Dennis Dick, born and raised in Niagara-on-the-Lake, served his community in many ways, including spending 23 years as a town councillor.
From 1991, when he was first elected, and for the next two decades, Dennis helped shape the future of the town. As Jim Collard, his friend and colleague on council, recalls, “he was always saying, during council discussions, ‘what’s your vision? What do you want this town to look like in 20 or 30 years?’ That was always most important to him. He loved this town, loved doing what folks elected him and asked him to do.”
Dennis died Friday, Aug. 21, at the age of 67, a year to the day after being diagnosed with an aggressive and rare form of lymphoma.
Despite the time he spent around the council table, he was never a politician, his former colleagues say. He was a man who loved his town, and wanted to do his best by it.
Those who served with him describe him as a listener.
He would sit through discussions, swivelling in his council chair, fingertips steepled, and say little. But when he did speak, in his big, booming voice, he was decisive, brief and to the point, saying what he had to say with conviction.
Collard, who says he has lost a friend of 30 years, recalls time spent together watching the Super Bowl, holidaying together in Florida, and enjoying an annual lobsterfest with friends and family that went back more than 25 years.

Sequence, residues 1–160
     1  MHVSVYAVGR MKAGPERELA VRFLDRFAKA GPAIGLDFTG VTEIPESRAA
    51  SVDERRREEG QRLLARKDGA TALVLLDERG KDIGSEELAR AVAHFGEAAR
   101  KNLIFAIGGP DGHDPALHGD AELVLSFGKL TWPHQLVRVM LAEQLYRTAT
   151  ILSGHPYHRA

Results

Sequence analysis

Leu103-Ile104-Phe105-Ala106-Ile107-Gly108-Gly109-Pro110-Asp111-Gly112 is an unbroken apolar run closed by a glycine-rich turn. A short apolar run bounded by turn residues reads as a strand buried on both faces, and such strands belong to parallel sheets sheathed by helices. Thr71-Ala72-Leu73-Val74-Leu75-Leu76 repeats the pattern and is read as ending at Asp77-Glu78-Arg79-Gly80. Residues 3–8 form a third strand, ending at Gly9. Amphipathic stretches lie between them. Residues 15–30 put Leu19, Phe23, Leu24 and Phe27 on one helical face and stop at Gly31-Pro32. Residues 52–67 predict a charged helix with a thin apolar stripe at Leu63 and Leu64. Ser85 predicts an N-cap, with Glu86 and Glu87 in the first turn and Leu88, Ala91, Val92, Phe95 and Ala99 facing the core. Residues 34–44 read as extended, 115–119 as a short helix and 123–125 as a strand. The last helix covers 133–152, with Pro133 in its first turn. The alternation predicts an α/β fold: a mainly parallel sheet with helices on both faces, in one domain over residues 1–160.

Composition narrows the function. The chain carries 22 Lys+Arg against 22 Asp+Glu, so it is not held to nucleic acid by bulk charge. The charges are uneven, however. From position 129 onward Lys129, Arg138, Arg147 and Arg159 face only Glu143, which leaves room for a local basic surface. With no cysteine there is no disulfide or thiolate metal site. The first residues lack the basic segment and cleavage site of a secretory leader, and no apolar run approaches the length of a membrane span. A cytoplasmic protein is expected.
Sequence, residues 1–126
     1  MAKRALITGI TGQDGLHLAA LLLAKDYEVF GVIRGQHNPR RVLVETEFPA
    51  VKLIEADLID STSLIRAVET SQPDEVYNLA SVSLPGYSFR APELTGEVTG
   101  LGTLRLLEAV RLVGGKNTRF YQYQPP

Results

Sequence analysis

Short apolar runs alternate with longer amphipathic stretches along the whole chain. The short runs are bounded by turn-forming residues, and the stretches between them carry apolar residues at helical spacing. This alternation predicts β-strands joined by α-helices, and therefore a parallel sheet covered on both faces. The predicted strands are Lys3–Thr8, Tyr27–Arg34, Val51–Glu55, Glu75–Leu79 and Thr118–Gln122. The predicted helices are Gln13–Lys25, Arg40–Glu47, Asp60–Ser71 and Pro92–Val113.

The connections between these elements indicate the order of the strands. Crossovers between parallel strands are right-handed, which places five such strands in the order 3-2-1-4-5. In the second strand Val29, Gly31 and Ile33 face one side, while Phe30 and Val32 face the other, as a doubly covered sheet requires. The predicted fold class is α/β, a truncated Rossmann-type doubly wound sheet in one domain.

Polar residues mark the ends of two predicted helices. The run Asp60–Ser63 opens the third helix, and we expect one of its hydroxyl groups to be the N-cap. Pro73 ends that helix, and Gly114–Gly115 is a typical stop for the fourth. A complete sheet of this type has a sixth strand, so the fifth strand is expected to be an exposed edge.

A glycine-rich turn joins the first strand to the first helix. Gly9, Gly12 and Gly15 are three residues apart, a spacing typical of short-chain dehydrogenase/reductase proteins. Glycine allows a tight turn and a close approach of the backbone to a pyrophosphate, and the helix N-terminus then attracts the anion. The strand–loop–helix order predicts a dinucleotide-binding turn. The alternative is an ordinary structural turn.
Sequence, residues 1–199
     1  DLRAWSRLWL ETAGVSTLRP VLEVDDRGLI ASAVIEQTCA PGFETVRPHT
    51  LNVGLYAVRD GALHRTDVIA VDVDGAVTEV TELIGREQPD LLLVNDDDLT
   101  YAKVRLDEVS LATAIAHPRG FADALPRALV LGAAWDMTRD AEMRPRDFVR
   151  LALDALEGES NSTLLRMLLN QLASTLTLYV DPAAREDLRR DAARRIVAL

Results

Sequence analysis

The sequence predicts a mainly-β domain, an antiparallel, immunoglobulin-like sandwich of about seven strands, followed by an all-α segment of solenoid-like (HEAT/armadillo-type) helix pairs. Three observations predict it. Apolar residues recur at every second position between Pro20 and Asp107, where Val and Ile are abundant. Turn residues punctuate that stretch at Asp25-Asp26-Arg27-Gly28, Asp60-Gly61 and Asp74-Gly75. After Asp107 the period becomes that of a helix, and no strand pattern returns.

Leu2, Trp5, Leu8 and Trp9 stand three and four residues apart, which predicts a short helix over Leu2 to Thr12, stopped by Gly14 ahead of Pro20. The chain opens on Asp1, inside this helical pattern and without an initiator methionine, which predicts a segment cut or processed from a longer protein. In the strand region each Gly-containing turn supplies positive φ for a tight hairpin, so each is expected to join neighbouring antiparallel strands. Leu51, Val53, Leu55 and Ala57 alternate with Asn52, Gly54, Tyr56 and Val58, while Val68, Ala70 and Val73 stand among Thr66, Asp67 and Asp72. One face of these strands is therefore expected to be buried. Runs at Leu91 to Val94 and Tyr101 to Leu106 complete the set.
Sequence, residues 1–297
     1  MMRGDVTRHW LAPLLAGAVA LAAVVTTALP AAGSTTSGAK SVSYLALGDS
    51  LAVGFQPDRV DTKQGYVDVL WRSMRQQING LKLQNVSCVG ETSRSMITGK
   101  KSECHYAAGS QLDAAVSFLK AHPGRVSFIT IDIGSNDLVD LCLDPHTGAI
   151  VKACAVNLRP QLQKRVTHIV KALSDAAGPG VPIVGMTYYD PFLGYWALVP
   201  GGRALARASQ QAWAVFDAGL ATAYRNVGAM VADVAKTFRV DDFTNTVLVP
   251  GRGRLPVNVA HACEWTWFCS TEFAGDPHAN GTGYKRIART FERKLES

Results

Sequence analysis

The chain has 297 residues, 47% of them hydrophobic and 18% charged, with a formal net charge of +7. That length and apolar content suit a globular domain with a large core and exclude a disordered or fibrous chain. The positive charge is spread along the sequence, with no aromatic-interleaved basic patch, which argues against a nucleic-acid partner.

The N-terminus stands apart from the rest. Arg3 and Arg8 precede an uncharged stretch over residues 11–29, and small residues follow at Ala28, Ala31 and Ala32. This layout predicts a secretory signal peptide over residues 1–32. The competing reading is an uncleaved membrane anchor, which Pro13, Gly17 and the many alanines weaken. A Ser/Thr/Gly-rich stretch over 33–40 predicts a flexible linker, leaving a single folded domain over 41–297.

Collard describes Dennis as a man who fiercely loved his family, and was grateful to have his adult children close by, where he would see them once or twice a week for family dinners.
“Dennis was so proud of his kids. He was able to see Jake (his son) get married, although he was not well at the time.
That was a blessing.”
Dennis and his wife Shirley, married 38 years, have two adult children, Denise Horne, who is the heritage planner for the Town of NOTL, and Jake, who works in the Town’s operations department. Dennis was happy to see them both doing well, and enjoyed spending time with them and their spouses.
When he, Dennis and Dave Lepp, a fellow long-time former councillor of NOTL and friend, got together, they would sometimes have to “agree to disagree” on issues to do with the town, Collard says. “We did that with love in our hearts. It was never about winning or losing, it was always about doing what was right for the town.”
However, the last battle Dennis fought was very much about winning, says Collard, who had the flag at his bed and breakfast lowered to half staff in memory of his friend.
“Every treatment the doctors could offer, Dennis would say, ‘let’s do it.’ He felt he had so much more to live for. Unfortunately he didn’t get to do it,” says Collard.
“He was like a brother to me. I’m going to miss him.”
Dennis’s wife Shirley says although he really battled through his cancer, including undergoing a stem cell transplant, “he never let it defeat his spirit. If anyone asked him how he was, it was always, ‘everything’s good.’ He had such a positive attitude. He so much wanted to live longer, to see his grandkids grow up, and he had so many things he wanted to do. He was working right up until the day before he went into the hospital.”
He kept “tremendously busy,” serving on several boards and committees, with his business, and seeing his kids and granddaughter.
“That was his joy,” says Shirley.